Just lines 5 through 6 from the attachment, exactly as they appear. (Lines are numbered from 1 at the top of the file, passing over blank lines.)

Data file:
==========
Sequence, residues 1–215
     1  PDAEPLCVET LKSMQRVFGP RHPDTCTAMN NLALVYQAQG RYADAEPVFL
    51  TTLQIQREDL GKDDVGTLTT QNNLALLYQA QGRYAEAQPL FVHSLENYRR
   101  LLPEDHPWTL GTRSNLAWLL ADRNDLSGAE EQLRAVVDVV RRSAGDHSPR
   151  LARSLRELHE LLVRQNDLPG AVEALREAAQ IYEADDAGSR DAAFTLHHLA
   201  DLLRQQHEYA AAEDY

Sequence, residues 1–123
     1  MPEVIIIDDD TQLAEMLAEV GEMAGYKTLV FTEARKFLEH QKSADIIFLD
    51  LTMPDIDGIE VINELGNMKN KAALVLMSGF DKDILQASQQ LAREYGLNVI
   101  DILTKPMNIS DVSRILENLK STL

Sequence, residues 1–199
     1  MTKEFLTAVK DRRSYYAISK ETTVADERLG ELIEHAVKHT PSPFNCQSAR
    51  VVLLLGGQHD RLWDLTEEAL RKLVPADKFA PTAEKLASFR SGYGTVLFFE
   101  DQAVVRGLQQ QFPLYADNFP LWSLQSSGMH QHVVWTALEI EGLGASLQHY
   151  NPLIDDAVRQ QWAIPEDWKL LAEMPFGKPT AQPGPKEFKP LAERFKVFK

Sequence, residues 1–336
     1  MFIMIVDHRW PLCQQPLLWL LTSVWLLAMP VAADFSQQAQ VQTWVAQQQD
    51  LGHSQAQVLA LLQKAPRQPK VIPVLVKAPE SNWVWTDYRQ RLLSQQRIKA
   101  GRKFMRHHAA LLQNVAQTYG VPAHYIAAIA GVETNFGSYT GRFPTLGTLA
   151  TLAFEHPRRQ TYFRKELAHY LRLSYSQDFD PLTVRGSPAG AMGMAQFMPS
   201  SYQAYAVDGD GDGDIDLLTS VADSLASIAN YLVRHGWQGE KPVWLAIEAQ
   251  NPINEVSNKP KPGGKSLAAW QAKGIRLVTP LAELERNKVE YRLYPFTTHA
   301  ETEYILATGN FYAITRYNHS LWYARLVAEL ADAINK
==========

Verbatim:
   151  LARSLRELHE LLVRQNDLPG AVEALREAAQ IYEADDAGSR DAAFTLHHLA
   201  DLLRQQHEYA AAEDY